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Holderfield retires after 29 years as Beckman electrician

Bryan Holderfield, who retired June 30, reflects on his 29 years as an electrician at the Beckman Institute. Holderfield's skills were essential for maintaining the institute and for the installation of many advanced technologies throughout the years. 

Published on July 13, 2018

Bryan Holderfield has been an important part of the Beckman Institute’s facilities team since the summer of 1989, the year the institute opened. An electrician with Facilities and Services, Holderfield retired June 30 after serving all but a few months of his 29 years exclusively at Beckman.

“I’ve enjoyed every aspect of working at Beckman,” Holderfield said. “I felt like I was appreciated, and I have always had a lot of freedom to do what needed to get done.”

Bryan Holderfield.
Bryan Holderfield retired from Facilities and Services after serving as an electrician at the Beckman Institute for 29 years. “I’ve enjoyed every aspect of working at Beckman,” he said.
(Photo by Doris Dahl)

He has many stories—not surprising since he has served Beckman during the tenure of six directors. He remembers the iron gates being opened to drive Arnold Beckman directly to the south doors under the tower, and recalls watching Arnold play on a baby grand piano in the Beckman atrium in honor of Beckman’s 99th birthday and the institute’s 10th anniversary.

When Holderfield began working at Beckman, research groups and individuals were still moving in to labs and offices—many with special electrical needs for their equipment.

As the only on-site electrician, he has kept busy. Holderfield maintained regular maintenance schedules, but with the building’s changing needs, there were always a lot of special projects, such as assisting with the installation of a new electron microscope in the Microscopy Suite or an MRI magnet in the Biomedical Imaging Center.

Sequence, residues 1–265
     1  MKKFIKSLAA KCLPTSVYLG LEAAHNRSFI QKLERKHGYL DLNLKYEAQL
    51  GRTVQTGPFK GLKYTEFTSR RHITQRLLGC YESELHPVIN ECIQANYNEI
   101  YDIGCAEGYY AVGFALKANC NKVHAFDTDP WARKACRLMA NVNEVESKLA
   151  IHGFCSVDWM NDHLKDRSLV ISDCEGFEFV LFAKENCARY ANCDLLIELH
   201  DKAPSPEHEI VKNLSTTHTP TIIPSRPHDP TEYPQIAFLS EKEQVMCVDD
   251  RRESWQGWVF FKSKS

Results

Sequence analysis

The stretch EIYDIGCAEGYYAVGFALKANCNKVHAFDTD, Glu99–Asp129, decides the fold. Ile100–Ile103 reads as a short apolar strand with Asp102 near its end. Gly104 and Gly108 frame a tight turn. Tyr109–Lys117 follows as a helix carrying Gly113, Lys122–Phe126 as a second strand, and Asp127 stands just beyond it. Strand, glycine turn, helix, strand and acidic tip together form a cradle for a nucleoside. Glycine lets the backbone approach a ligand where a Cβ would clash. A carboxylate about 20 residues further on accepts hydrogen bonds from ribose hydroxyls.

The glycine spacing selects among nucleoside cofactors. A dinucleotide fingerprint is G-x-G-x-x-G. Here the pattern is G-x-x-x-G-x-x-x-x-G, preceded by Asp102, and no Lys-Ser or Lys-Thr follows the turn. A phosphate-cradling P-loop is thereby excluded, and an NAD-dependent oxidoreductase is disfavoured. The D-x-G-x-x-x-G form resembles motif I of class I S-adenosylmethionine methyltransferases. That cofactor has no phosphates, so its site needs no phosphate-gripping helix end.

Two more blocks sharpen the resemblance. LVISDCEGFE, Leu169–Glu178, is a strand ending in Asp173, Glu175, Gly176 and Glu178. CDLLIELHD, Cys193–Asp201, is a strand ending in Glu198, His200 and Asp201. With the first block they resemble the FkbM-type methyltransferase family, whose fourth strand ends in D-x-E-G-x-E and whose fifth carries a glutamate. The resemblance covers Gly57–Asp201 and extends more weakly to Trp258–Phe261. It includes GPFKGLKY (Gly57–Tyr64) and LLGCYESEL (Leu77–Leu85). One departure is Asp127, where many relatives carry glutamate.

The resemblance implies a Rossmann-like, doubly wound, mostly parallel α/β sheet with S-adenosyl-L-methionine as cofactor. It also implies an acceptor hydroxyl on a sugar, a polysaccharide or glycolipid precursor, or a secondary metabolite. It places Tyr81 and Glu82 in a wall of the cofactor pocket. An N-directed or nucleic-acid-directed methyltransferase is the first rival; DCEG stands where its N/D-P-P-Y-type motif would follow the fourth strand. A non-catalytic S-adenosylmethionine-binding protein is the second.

“I just kept the building going,” Holderfield said a few days before he retired. “I keep the supply fans running so the cooling works; change lights; and assist with remodels in labs where their electrical needs might change.”

“Bryan has been involved with every aspect of the Beckman electrical system and with his mechanical aptitude, has been a great resource of knowledge in many other areas as well,” said Rob Fritz, director of facilities and planning at Beckman. “He has been a dedicated employee and was always willing to drop everything whenever Beckman was in need, day or night.”

Advances in technology also have affected his job. “Everything is more electronically controlled now,” Holderfield said. “And the last couple years, we’ve been putting in LED lighting and upgrading as we go. That’s where the building is headed, so it just makes sense.” He references other improvements coming such as changing the thermostats to electronic controls that will be monitored through computers, and the eventual total switch to LED lighting and security card readers for access to all areas of the building.

Bryan MRI.
During his time as an electrician at the Beckman Institute, Bryan Holderfield was involved in many special projects, including installing MRI magnets. Here he is shown in one of the MRI suites in 2017 with Shelly Yambert, senior program coordinator for the Biomedical Imaging Center.

Holderfield felt strongly about staying and serving the Beckman community, which included working with his colleagues in facilities.

“They are really a wonderful group of guys to work with,” Holderfield said. “They do their thing and you do yours, but if we have a flood or something, everyone pitches in. We’re a team, but also a family. Whereas the other buildings have people come and go, we are based here.”

Holderfield—who comes from a family of electricians, including his father and brother—also made contributions to his field in other ways. He was a fiber optics instructor for continuing education at the local electrician’s union, #601 IBEW, until the curriculum became part of the apprenticeship program. He also served the local union for 27 years in leadership positions as an officer of the group, and served on an advisory board at Parkland College to consult on course content for the college’s electronics degree, to ensure the students were learning what was needed to get work in the field.

His wife, Gayle, won’t retire for a few years, but Holderfield doesn’t really relax in his down time. Retirement will instead provide time to devote to the myriad projects already underway and others in the planning stages.

He manages several rental properties in Mahomet, where he does all the maintenance (except roofing), and he owns a storage facility in Mansfield, where clients can park boats, motor homes, and campers. He also plans to open a machine shop to grind crank shafts and do motor work.

His daughters—Samantha, 26, and Lauren, 22—are working toward careers in the health care field. Samantha plans to become a physician’s assistant; and Lauren wants to be a registered nurse.